Stan Lee Gave Us So Much With His Characters
I remember at one point thinking Stan Lee was a little hokey, and kind of resented the damned preamble to every story Marvel put out, because it was reminscent of a dog marking its territory. What did I know? Spotting Stan Lee in the Marvel movies of the last so many years has become something of a sport, if not a very strenuous one, and whatever the iniquities foisted on his partners in crime, like Jack Kirby, you can’t deny that the man has been hustling in front of and behind the scenes for decades.
Of course there will never be another Stan Lee – the unique pressures that were at work to form this unique diamond of a man are hardly going to be in play this many years after he first transformed Peter Parker into Spiderman. He stitched so much of the Marvel Universe together that it was nice to seem him doing that in his cameos.
He was born in New York in the forties and co-created Spiderman, The X-Men, Iron Man, Thor, Fantastic Four, Hulk, Black Panther, Daredevil, Doctor Strange, Scarlet Witch, and Ant Man. That isn’t all of them, but just look at that roster, and you can see that just one of these would be enough to qualify someone for the hall of fame.
If You Love Marvel, You Should Thank Stan Lee
I have read and enjoyed comics with each and every one of these characters, and I have watched tv shows and seen cartoons and movies about them too. One might say that nerd culture was largely built on the back of comics culture, and comics culture was most definitely built on a structure that Stan Lee went a long way to building. Go into a comic shop and you see the toys, you see the comic books, you see the movies, and you see everyone from children learning to read up to old men who started collecting comics from back in the day when Lee first started out, all happily coexisting.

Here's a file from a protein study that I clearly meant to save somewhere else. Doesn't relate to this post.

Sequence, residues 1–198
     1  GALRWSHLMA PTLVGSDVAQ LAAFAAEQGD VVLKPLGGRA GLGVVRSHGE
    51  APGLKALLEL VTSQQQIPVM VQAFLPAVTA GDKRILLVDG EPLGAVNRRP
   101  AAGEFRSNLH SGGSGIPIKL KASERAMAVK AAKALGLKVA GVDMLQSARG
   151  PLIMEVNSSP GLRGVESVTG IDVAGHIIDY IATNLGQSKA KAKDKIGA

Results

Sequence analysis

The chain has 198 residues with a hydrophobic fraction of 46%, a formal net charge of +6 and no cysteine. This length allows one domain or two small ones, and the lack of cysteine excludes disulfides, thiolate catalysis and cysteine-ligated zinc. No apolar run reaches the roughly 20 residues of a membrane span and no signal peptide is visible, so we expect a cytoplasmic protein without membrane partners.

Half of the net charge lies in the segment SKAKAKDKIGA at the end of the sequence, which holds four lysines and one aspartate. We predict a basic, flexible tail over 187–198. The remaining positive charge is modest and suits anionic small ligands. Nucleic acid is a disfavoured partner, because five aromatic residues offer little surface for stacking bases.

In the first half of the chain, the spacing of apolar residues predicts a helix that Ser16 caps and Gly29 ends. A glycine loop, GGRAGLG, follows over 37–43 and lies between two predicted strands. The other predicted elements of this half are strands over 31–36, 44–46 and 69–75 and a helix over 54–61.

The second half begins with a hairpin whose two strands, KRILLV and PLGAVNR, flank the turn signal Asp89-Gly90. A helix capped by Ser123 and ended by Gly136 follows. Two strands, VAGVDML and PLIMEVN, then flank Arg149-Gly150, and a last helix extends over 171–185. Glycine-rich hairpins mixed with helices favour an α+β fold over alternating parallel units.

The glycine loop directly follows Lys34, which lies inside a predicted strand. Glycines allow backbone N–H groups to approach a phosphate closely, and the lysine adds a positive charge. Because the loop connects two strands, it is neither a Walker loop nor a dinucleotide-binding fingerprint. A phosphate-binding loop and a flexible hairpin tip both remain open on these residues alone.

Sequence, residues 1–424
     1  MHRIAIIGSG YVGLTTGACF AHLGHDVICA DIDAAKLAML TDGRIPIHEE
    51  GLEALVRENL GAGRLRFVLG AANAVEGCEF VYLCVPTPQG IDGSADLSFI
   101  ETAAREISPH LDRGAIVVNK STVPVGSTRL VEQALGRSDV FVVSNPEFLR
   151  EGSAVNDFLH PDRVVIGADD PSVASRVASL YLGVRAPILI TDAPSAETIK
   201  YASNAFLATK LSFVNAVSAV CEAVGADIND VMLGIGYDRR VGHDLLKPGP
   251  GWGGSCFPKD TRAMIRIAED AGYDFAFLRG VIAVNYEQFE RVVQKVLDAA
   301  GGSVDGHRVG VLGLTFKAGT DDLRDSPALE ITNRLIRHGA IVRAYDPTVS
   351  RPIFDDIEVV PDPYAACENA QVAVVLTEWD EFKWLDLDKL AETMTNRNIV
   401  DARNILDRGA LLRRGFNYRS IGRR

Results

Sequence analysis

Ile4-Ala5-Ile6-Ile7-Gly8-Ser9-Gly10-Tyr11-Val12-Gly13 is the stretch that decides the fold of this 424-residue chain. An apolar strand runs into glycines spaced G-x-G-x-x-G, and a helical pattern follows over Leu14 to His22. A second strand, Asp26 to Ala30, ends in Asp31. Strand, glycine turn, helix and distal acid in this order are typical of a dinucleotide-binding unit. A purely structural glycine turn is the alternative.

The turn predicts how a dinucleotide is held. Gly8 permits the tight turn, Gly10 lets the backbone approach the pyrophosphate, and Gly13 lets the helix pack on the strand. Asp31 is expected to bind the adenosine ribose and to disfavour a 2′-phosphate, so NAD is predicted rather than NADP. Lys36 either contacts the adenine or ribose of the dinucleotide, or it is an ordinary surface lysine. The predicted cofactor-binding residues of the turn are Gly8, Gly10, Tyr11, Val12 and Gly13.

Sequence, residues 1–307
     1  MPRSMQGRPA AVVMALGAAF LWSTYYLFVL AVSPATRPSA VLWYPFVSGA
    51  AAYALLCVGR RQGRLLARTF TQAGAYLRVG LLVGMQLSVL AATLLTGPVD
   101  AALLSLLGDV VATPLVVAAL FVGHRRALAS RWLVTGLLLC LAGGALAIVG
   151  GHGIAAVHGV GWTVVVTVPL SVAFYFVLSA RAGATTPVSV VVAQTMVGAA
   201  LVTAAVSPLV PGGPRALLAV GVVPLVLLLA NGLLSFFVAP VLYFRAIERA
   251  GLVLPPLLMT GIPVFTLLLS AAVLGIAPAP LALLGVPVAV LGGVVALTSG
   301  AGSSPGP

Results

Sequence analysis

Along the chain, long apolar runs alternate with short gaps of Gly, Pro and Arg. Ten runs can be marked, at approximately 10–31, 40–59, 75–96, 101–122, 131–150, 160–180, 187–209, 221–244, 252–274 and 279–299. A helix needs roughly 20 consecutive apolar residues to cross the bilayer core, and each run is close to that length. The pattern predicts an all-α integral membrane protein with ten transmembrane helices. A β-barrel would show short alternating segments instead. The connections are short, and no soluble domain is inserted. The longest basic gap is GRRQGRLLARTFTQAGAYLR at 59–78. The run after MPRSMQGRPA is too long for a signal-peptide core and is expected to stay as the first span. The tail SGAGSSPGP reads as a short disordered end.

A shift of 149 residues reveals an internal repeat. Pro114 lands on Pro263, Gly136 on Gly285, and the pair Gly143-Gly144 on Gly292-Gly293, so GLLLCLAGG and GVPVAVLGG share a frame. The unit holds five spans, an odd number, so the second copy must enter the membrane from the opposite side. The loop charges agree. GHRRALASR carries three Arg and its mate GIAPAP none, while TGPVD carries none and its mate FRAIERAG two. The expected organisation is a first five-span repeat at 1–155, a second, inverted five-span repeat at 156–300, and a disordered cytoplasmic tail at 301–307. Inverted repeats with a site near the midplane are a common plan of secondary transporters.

People have their favourite comic companies, and it may not be one of the big two, Marvel or DC, but to deny their impact would be foolish – to deny that they carved out a space in the public consciousness is unthinkable, and to not point to the genius of Stan Lee as pivotal in creating that market would be ridiculous. He may have become a little P T Barnum at points, but just look at his body of work and you have to acknowledge Stan Lee as a great.
He was 95 when he died, and up until recently he seemed possessed of the same energy and enthusiasm that always came along with the words Stan Lee Presents. He never stopped – still creating original works well into his 90s. Who wouldn’t have wanted to do some of the things Stan Lee did? And there is a genius too in making it look like so much fun, while getting so much done.